In 1971, during the notorious Oz trial, he failed to convince an Old Bailey jury that the underground magazine’s ‘schoolkids issue’ – edited by youngsters and featuring a cartoon of Rupert the Bear with an enormous erection – was nothing to get upset about. The case was ultimately thrown out on appeal.

Five years later, helped by his regular travelling circus of expert witnesses, he successfully extolled the literary merits of Inside Linda Lovelace – a book about the Deep Throat porn star that police had seized in Soho.

Time and again, Mortimer’s whimsical, articulate manner won juries around. But Whitehouse got the better of him in 1977, when she privately prosecuted Gay News over a poem describing a centurion’s sex acts with the crucified Christ in graphic detail. This was the last blasphemy conviction in British history.

Mortimer was achingly upper-middle class and privileged, with a habit for serial adultery that might well be described as callous. But his commitment to social reforms – doggedly working to improve the lives of women, gays, lesbians and ethnic minorities – was beyond question.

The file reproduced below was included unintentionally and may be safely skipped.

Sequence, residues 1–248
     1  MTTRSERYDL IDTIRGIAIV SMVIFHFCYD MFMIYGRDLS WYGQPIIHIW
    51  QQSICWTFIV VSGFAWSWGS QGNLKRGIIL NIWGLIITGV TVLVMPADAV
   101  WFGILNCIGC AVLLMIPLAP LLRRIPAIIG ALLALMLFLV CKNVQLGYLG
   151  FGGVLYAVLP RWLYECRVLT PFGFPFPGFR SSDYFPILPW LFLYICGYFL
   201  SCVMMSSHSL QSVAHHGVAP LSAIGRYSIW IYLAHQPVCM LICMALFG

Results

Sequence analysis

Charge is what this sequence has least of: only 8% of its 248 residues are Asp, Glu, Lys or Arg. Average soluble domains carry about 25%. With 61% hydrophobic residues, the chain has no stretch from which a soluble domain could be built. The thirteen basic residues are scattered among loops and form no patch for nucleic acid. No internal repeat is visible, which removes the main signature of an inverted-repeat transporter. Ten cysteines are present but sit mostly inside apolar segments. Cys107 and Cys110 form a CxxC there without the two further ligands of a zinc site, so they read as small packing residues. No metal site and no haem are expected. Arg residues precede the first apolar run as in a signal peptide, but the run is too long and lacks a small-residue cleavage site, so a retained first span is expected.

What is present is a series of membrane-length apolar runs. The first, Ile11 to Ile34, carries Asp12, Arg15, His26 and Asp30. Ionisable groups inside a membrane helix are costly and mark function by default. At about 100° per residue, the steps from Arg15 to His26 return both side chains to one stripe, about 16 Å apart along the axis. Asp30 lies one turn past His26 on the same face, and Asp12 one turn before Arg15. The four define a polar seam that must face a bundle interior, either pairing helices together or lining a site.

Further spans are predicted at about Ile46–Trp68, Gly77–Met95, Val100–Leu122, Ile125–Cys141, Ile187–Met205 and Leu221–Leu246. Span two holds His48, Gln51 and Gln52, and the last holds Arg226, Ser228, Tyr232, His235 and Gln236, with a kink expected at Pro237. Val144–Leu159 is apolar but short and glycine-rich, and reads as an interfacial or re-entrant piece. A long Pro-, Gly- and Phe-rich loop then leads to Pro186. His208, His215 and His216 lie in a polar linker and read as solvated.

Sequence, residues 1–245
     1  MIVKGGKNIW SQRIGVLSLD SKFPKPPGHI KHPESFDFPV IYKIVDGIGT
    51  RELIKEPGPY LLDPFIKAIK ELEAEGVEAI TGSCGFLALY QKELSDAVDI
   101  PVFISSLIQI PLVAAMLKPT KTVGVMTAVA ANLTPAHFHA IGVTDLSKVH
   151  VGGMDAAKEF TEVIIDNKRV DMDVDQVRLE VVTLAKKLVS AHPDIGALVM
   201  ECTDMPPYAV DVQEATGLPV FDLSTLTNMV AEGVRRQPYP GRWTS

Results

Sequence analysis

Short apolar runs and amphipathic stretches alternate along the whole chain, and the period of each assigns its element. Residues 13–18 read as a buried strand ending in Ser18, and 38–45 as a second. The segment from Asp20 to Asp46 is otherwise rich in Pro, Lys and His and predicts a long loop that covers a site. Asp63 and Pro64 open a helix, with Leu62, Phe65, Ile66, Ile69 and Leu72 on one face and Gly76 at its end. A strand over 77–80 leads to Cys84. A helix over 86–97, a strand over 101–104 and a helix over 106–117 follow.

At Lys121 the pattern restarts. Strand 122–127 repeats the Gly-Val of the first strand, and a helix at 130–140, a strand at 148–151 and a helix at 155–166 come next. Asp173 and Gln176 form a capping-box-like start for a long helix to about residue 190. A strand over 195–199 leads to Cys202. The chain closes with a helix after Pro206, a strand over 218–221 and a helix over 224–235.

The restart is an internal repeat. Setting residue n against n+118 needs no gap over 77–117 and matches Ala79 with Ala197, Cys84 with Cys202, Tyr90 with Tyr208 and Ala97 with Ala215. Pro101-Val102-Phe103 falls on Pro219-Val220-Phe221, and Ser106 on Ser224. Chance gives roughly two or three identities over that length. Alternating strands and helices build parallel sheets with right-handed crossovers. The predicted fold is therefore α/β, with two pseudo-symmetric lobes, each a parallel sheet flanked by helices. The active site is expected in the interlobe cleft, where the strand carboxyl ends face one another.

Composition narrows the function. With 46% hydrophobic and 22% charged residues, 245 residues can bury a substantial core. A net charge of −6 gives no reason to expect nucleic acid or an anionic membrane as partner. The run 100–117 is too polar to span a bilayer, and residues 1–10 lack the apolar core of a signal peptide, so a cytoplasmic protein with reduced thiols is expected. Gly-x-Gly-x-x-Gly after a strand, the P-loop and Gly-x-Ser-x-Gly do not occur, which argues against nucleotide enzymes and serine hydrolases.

In the political world, that translated into an almost lifelong devotion to the Labour Party. His 1985 ITV series, Paradise Postponed, asserted that Britain had squandered the Attlee government’s postwar socialist achievements. It represents his personal rebuke to Thatcherism – a philosophy, he felt, that amplified Conservatives’ most heartless, narrow-minded qualities. This kind of goading prompted a rebuke from Tory industry minister John Butcher in the House of Commons. John Mortimer, he snorted, was ‘an upmarket punk’ who had ‘made money for 15 years by eroding the confidence of the British’.

It’s true that Rumpole of the Bailey, his signature TV franchise, embodies the kind of soft-left liberalism the television industry trades in. That said, it rarely strays into party politics. The moderately gritty pilot episode, in 1975, is a one-off BBC play, in which institutionally racist police frame a black teenage boy for murder. The stock-in-trade of the seven ITV series that followed, from 1978 to 1992, was the genteel, light-hearted mystery story.